Sunday’s centenary of the end of World War I will be marked by church bell-peeling and steamship-tooting in Queenstown and a service/wreath-laying and picnic/concert in Arrowtown.
The WW100 organisation has encouraged centenary events to echo the ‘Roaring Chorus’ of noise around NZ that greeted news of the armistice on November 11, 1918.
Queenstown’s St Peter’s Anglican Church is holding an Armistice Centenary service, starting 10.50am.
After a two-minute silence at 11am, vicar-elect David Wright says there’ll be “drums, trumpets, dustbin lids and anything that people want to bring to make a noise”, accompanied by the ringing of the church bell.
After that, the bell will continue ringing for 12 more peels.
Wright says the day means a lot to him as he lost both grandfathers in the war and four uncles in WWII.
“The fact we can enjoy this peace, this beauty, this serenity, simply traces back to the fact so many people made that ultimate sacrifice.”
The names of the Wakatipu’s WWI victims will also be read out.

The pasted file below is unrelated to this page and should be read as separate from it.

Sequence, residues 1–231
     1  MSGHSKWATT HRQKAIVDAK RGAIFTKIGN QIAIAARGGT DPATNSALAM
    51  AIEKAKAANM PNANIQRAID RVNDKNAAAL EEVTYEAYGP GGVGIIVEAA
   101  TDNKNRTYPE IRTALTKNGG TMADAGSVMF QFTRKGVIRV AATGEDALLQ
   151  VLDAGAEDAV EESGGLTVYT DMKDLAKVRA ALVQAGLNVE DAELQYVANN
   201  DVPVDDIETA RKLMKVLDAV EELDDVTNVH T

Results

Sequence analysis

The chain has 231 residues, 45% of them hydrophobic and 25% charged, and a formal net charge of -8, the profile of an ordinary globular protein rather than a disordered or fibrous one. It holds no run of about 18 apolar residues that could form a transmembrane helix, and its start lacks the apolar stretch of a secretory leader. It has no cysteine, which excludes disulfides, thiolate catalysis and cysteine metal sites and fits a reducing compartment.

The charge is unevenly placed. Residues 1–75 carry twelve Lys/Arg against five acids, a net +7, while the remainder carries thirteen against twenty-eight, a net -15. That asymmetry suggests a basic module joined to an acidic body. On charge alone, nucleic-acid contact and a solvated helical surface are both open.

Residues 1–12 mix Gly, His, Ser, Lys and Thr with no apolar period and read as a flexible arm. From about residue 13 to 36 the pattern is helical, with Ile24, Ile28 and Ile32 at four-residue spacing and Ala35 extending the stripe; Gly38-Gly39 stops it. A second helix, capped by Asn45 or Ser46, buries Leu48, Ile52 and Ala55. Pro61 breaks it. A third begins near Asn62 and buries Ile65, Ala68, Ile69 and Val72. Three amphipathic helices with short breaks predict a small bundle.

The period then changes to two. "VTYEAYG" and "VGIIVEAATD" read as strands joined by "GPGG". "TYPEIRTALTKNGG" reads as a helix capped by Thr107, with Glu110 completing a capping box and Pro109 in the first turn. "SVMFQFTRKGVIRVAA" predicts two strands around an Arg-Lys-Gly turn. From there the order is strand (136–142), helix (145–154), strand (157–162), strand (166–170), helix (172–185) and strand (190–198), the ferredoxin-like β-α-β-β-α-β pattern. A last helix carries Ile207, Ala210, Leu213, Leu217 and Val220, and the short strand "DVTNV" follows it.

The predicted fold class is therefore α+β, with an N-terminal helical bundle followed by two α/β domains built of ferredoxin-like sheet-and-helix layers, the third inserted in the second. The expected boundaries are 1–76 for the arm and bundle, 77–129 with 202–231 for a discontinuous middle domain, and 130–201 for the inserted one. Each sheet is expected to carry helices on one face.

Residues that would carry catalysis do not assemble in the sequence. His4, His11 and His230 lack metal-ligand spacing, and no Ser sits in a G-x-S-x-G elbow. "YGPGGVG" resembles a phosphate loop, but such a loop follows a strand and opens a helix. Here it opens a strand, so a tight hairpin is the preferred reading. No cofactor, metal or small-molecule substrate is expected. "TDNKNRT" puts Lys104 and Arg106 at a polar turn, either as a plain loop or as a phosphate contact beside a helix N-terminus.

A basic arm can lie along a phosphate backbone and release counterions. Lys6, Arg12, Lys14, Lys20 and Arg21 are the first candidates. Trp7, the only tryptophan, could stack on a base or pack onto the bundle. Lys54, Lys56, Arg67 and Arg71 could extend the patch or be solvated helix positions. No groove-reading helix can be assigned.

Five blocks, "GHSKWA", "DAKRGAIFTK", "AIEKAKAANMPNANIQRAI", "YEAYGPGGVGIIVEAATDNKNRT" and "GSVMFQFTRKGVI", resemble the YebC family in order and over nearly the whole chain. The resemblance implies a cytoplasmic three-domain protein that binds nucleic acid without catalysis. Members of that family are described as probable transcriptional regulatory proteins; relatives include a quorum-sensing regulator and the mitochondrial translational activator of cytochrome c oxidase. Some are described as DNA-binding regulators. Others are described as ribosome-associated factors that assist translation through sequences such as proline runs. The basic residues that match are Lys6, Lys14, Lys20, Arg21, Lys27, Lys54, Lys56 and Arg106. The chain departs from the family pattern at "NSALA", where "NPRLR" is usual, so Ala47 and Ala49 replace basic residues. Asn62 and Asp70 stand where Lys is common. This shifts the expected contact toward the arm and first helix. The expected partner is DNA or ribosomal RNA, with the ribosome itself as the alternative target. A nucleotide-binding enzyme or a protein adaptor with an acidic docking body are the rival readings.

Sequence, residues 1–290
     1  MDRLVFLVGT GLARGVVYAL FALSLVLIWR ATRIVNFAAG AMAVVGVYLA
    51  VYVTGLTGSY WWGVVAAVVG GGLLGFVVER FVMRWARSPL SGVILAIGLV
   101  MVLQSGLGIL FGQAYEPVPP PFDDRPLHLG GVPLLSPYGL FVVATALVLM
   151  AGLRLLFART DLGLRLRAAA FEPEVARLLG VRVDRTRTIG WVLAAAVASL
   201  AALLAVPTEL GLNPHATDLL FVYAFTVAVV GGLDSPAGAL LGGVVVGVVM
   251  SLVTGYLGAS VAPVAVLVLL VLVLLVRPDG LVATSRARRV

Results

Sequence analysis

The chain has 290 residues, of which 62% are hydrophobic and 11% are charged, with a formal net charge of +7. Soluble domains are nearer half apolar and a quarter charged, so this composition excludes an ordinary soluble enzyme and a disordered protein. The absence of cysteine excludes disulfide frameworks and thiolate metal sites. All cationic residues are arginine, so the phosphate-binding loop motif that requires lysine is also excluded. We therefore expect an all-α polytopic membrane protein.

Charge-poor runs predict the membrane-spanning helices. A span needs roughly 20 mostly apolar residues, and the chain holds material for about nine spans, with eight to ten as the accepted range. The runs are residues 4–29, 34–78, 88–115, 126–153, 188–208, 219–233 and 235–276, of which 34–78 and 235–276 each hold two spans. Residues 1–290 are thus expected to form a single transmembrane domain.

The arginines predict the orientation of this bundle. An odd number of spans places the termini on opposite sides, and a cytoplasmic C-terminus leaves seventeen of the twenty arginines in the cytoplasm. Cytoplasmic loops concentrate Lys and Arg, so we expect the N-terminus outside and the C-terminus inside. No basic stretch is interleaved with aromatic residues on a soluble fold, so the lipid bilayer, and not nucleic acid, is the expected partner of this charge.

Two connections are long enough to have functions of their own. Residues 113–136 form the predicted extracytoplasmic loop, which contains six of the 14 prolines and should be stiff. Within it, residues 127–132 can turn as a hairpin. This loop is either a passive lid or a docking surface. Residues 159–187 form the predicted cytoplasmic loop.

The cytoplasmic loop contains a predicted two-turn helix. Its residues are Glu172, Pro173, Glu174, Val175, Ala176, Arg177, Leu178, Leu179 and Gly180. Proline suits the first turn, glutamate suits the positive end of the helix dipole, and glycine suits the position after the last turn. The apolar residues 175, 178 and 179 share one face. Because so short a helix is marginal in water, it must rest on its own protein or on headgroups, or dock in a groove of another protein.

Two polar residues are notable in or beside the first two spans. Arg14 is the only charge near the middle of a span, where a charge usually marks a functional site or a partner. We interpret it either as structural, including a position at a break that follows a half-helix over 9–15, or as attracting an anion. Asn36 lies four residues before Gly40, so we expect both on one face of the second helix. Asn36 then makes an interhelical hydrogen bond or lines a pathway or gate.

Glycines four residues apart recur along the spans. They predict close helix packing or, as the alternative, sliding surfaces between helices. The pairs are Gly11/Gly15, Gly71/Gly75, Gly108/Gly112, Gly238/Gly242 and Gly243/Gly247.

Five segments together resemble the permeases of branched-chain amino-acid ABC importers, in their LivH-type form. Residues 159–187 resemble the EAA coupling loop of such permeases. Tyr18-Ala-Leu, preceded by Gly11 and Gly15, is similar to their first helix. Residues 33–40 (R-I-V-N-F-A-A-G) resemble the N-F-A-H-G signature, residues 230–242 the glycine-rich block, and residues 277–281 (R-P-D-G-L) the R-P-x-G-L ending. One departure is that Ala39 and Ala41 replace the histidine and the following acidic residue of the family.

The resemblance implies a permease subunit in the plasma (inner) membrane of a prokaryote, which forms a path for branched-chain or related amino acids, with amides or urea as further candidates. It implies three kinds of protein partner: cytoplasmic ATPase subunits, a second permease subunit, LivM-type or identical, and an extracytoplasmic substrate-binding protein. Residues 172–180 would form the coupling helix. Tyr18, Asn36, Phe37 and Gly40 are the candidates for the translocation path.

Meanwhile, the Earnslaw will join in the ‘Roaring Chorus’ by tooting its horn to recreate what its predecessor steamship, the Ben Lomond, did 100 years earlier.
In Arrowtown, the Returned and Services’ Association will host a major district-wide wreath-laying ceremony by the Soldiers Hill cenotaph at 11am, along with a service.
Then from 2.30 till 6pm there’ll be a free community picnic and concert on Library Green – spontaneous picnics also greeted the declaration of peace in 1918.
Entertainers will include the Buckingham Belles, Miners Band, Arrowtown School kapa haka group, Queenstown Jazz Orchestra and The Crown Rangers.
People are asked to bring food, drink and deck chairs – if wet, the event will be held at the Athenaeum Hall.